Xi Kang (Ji Kang 嵇康, 223-263CE) is renowned as one of the Seven Sages of the Bamboo Grove 竹林七賢. His ‘Letter to Shan Tao’ 與山巨源絕交書 is one of the inspirations behind the creation of China Heritage, and it features in the essay On Heritage 遺 on this site.
The Bamboo Grove was located in Shanyin 山陰 county, Henan province 河南 (to the northwest of modern day Hui county 辉县). In the fourth century of our era, or the Wei-Jin 魏晉 period in China, the Bamboo Grove is said to have attracted a group of what would now be called bon vivants and wits. They were nonconformists who chaffed at the restraints of court Confucianism and the expectations of a society defined by rigid hierarchy, empty ritual and slavish compliance. Many of their bons mots, as well as those of their motley fellows, are collected in New Sayings of the World 世說新語, a work compiled by Liu Yiqing (劉義慶, 403-444CE).
Xi Kang’s famous encounter with a ghost is one of the best known incidents from the Bamboo Grove:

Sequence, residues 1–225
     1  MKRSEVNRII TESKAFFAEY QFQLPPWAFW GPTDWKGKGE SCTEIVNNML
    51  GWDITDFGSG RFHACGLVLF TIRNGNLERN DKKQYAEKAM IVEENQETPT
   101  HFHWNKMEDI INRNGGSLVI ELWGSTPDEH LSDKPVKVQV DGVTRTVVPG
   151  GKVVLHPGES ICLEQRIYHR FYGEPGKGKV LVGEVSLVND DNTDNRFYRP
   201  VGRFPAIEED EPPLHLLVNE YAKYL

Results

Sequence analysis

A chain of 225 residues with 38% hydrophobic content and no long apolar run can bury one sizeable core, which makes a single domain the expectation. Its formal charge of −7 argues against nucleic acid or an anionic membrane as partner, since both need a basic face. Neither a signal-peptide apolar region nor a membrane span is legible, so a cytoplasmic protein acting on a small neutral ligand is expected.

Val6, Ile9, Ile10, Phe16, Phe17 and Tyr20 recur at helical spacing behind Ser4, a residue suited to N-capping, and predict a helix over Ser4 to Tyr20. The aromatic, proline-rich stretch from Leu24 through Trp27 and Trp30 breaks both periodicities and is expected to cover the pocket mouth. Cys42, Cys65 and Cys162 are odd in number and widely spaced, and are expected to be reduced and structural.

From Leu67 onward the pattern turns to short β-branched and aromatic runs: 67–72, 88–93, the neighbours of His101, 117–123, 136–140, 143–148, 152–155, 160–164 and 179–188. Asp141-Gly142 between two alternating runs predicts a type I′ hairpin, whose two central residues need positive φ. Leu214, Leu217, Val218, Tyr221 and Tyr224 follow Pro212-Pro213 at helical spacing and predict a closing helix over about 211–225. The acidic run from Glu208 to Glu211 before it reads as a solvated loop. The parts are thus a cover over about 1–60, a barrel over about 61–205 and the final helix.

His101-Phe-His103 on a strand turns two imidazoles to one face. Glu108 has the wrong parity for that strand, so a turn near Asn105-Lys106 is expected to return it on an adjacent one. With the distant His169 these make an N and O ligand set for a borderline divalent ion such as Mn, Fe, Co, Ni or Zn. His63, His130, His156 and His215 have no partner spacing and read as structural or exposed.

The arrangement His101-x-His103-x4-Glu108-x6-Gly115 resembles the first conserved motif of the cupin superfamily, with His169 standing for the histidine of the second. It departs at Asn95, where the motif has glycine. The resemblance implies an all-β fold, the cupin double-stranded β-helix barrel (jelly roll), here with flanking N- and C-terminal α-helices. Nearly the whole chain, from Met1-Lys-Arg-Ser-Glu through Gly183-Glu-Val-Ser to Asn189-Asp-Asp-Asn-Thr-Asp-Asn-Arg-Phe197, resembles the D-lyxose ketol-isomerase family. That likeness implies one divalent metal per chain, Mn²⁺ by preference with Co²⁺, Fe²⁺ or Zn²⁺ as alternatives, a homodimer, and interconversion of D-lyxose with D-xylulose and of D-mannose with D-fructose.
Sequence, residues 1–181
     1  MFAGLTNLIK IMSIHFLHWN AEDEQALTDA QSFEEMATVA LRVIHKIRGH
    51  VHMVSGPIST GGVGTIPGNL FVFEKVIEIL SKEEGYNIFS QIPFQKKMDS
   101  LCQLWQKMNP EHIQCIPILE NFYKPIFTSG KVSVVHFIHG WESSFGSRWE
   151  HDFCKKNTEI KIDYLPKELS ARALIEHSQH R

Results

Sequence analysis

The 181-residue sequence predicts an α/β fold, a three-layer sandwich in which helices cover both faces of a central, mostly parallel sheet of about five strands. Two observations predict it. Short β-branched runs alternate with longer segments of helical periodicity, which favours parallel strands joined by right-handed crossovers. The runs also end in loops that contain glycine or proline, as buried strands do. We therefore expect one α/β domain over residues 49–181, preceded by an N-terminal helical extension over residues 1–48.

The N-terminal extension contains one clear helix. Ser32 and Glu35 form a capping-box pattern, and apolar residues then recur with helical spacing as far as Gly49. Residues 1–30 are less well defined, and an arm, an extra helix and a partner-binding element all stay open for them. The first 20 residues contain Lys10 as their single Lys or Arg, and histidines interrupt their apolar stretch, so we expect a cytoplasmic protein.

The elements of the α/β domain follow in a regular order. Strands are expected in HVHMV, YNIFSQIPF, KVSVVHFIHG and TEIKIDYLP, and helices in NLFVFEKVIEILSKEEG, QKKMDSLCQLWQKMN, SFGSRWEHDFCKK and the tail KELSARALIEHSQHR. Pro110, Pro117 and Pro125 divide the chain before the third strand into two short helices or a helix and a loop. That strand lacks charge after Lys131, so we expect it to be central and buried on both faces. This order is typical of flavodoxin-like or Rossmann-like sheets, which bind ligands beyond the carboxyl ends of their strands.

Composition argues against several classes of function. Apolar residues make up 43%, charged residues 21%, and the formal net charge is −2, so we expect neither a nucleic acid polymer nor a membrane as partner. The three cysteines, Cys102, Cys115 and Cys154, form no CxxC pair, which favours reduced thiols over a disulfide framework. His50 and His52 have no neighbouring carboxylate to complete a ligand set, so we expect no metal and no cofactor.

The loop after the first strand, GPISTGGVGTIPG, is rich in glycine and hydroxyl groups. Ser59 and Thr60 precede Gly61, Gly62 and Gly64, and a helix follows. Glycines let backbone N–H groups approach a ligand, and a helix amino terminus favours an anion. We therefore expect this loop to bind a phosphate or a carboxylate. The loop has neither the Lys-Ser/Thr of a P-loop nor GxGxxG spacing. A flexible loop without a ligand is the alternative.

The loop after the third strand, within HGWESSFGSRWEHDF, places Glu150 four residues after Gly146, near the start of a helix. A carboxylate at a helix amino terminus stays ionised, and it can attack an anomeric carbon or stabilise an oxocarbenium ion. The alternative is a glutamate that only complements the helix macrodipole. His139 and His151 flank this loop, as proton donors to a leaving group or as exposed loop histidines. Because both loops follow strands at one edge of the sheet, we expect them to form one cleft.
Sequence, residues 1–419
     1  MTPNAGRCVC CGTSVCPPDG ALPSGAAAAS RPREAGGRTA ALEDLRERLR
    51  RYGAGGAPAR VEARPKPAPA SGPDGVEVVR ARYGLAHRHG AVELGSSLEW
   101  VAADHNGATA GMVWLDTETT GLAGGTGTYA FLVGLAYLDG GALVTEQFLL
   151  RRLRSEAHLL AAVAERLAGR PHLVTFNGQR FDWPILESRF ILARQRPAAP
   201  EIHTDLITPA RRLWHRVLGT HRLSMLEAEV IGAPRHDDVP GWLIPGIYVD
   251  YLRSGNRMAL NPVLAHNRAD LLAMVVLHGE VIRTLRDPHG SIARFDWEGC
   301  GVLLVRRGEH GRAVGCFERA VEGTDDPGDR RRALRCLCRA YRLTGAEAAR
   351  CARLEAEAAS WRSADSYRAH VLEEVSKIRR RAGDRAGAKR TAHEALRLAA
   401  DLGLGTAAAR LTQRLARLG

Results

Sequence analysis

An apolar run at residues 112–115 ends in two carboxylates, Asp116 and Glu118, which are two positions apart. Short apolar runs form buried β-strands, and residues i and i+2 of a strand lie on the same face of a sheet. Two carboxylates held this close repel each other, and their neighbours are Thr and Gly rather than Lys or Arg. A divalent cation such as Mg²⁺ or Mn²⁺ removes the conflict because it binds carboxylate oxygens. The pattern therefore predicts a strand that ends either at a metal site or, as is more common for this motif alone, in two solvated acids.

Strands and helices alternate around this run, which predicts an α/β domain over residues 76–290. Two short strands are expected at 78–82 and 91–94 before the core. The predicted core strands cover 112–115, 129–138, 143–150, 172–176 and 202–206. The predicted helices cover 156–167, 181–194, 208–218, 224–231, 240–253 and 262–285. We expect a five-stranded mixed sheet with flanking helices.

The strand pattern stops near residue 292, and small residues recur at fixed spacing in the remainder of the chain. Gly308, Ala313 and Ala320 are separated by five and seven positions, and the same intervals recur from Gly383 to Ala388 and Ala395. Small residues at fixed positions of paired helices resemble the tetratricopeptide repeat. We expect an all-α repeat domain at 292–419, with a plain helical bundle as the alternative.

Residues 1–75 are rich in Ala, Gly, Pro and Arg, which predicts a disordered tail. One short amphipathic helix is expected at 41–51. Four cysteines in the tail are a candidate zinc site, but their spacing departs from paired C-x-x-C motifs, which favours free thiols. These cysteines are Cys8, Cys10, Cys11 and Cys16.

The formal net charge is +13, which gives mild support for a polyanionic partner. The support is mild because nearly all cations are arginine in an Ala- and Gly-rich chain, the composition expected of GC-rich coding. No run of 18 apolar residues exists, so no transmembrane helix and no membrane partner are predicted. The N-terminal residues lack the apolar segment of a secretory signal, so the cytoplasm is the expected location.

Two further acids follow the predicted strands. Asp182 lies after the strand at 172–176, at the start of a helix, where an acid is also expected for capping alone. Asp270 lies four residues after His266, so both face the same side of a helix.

Xi Kang was playing the lute by lamplight when a small face suddenly appeared in front of him. It grew larger as he watched until it was huge. It was dressed in black clothes held by a dark belt. 嵇中散夜燈火下彈琴，忽有一人，面甚小，斯須轉大，遂長丈余。黑單衣，皂帶。
Xi noted its presence and blew out the lamp: ‘I’ll not compete for light with a mere spook.’ 嵇視之既熟，吹火滅，曰：吾恥與魑魅爭光。
The essayist and poet Nie Gannu (聶紺弩, 1903-1986), known to many of his friends as a ‘wily old duffer’ 鬼老頭, alluded to Xi Kang’s ghostly encounter in ‘Blood Pressure’ 血壓, a heart-rending poem composed for his old friend, Hu Feng (胡風, 1902-1985), one of the early victims of Mao’s 1950s cultural purges:
The ghosts Nie is referring to in this poem are the people who betrayed Hu Feng, informed on him, and denounced him. Nie advises his old friend: harbour no illusions, cherish not false hope; in the past you held your enemies in contempt and would not stoop to their level to vie for fame 名曾羞與鬼爭光. You wasted your efforts in appealing to Mao, Nie goes on to say: don’t fritter away your remaining time trying to write.